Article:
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The Stress Response and Nutrition

Stress and pain diminish quality of life for millions of Americans and cost billions in healthcare expenses and lost wages.

Surveys suggest most Americans feel they’re experiencing unhealthy levels of stress, and nearly 80% of adults say they’ve endured more stress in the past 5 years. About one-third of adults surveyed reported physical and mental complications from too much stress (APA 2013). Meanwhile, 1 in 3 Americans suffers from chronic pain—most commonly back pain and osteoarthritis—more than the number affected by heart disease, cancer and diabetes combined (IOM 2011). For many people, chronic stress and pain occur together.

What can diet do about a problem this large? As tempting as “comfort foods” may be, they are full of fat and sugar and counterproductive for dealing with stress and pain. Fortunately, researchers are finding that a few key nutrition habits may reduce the effects of stress and pain on the body.

Stress triggers a series of reactions in the human body:

  • When the brain detects stress, it secretes a substance called corticotropin-releasing hormone from the hypothalamus, a part of the brain responsible for linking the nervous
    system with the endocrine system.
  • This signal tells the pituitary gland, a pea-sized part of the brain just below the hypothalamus, to release adrenocorticotropic hormone (ACTH).
  • ACTH travels to the adrenal glands, which release the “stress hormones”—cortisol, noradrenaline and adrenaline.
  • Stress hormones cause heart rate, breathing and blood pressure to rise. The hormones also help to increase blood flow to the large muscle groups, dilate the pupils to increase vision and release stored glucose into the bloodstream.

During acute stress, these hormones assist the body in mounting the critical fight-or-flight response. The larger problem for most people is chronic stress, which can keep cortisol levels elevated and cause considerable harm to the body, including disruption of serotonin balance and chronic inflammation, which contributes to chronic pain.

Stress-Fighting Foods

The following foods may not make the stress go away, but they may reduce the negative health effects that are highly associated with chronic stress, including depression, anxiety, insomnia and cardiovascular disease.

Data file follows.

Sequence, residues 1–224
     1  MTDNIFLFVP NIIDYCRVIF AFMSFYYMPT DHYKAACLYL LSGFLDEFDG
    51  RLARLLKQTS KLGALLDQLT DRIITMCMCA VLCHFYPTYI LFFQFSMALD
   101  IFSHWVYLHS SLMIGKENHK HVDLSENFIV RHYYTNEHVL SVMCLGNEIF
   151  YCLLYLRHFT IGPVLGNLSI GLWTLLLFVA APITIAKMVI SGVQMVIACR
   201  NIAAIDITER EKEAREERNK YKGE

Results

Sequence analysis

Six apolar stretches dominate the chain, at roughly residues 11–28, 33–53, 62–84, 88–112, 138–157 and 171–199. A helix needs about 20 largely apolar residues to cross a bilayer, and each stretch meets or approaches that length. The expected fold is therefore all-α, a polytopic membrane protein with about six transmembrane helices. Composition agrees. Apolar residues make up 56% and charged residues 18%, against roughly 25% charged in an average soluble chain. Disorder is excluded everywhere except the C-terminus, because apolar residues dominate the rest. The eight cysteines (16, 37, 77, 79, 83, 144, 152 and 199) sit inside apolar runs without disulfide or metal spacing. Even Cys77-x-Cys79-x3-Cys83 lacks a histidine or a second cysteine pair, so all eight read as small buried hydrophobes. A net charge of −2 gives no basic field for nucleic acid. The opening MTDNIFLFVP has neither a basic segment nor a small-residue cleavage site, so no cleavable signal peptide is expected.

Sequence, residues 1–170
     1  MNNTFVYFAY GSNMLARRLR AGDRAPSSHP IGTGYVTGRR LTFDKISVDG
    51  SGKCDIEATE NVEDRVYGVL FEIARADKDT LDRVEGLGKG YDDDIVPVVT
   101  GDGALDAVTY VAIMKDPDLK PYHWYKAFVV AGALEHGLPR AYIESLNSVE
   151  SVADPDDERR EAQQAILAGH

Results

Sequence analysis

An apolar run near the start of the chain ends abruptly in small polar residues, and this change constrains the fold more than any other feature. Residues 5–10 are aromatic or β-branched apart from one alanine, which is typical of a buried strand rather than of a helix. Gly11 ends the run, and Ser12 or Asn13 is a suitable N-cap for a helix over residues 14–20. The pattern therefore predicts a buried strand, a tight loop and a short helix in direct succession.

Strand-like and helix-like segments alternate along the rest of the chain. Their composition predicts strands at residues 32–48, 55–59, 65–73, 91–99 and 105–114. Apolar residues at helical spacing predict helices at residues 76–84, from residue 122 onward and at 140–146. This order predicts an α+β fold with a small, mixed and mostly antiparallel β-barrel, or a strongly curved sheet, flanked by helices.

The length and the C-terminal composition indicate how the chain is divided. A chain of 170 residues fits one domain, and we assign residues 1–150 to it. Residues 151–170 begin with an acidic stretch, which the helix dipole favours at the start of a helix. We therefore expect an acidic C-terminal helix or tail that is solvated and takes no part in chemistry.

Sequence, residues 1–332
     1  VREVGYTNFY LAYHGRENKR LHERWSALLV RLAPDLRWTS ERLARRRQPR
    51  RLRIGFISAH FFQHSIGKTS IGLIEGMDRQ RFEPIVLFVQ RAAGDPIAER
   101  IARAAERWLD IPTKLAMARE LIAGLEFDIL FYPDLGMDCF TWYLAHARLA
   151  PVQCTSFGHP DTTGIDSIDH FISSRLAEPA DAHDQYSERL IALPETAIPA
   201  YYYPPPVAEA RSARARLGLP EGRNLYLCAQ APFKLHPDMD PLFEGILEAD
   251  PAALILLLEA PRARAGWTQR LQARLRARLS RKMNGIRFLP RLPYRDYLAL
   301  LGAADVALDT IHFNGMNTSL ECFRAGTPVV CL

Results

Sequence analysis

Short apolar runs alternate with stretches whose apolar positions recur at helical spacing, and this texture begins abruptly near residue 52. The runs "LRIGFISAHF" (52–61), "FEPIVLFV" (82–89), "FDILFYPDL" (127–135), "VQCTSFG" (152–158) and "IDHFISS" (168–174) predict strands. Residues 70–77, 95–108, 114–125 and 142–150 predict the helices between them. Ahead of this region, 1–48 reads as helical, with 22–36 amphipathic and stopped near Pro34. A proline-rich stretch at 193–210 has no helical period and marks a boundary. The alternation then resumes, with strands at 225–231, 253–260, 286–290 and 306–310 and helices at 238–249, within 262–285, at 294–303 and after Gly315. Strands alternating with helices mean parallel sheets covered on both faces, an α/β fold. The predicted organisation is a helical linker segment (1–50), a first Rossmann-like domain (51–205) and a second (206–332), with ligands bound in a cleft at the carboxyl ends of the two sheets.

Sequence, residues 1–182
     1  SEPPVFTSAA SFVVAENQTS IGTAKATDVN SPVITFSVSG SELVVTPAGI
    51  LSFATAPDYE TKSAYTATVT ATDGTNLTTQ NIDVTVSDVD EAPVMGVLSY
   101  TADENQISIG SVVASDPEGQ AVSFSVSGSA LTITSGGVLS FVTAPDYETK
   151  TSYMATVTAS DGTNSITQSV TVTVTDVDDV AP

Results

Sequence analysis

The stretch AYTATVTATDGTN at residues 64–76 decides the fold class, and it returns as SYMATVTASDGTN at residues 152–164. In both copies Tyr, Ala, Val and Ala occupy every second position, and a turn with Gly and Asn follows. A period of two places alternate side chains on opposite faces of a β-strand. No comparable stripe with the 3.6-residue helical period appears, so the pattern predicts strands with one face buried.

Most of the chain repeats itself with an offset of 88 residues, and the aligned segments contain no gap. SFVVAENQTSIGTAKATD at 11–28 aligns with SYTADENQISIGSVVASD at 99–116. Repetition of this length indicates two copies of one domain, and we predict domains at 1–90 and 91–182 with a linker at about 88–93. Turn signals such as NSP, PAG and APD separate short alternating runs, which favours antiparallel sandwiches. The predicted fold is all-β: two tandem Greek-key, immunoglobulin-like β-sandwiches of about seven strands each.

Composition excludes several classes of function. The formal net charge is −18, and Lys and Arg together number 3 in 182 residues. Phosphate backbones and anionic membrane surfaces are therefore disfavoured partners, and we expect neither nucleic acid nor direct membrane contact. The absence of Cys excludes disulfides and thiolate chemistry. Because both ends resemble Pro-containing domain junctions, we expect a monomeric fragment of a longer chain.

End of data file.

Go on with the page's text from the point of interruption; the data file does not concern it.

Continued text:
• Turkey, shrimp, dairy, soy and pumpkin
    seeds contain high amounts of the amino acid tryptophan, which is associated with a boost in the “happiness hormone” serotonin, which in turn may lessen depression and anxiety.
  • Broccoli, Brussels sprouts and asparagus are loaded with folic acid, a vitamin associated with serotonin production.
  • Dairy products, sunshine and other sources of vitamin D may boost serotonin levels through an increase in the enzyme that converts tryptophan to serotonin.
  • Oatmeal and other complex carbohydrates can stimulate the brain to produce serotonin. Carbohydrates that are absorbed more slowly help to ensure a steadier supply of serotonin.
  • Oranges, grapefruits, red and green peppers, and many other fruits and vegetables are rich in vitamin C, which can aid in lowering blood levels of stress hormones like cortisol and adrenaline and ease the subjective feeling of being stressed.
  • Crunchy veggies like carrots and celery sticks don’t possess any special nutritional content for fighting stress per se, but the crunchy sensation that comes from eating them provides mechanical stress relief.

To read more about how food can counteract the effects of stress, please see “Nutrition Strategies for Stress and Pain Management” in the online IDEA Library or in the April 2015 print issue of IDEA Fitness Journal. If you cannot access the full article and would like to, please contact the IDEA Inspired Service Team at (800) 999-4332, ext. 7.

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